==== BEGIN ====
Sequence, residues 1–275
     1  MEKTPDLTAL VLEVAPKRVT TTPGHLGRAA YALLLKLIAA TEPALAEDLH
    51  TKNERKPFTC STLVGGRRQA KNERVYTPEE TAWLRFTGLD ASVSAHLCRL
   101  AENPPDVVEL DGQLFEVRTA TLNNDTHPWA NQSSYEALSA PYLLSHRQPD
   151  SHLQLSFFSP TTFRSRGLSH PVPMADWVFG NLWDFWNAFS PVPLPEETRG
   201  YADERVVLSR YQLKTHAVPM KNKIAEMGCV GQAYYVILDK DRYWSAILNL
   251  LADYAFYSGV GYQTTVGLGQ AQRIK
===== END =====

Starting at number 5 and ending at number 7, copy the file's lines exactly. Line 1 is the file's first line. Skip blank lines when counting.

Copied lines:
   151  SHLQLSFFSP TTFRSRGLSH PVPMADWVFG NLWDFWNAFS PVPLPEETRG
   201  YADERVVLSR YQLKTHAVPM KNKIAEMGCV GQAYYVILDK DRYWSAILNL
   251  LADYAFYSGV GYQTTVGLGQ AQRIK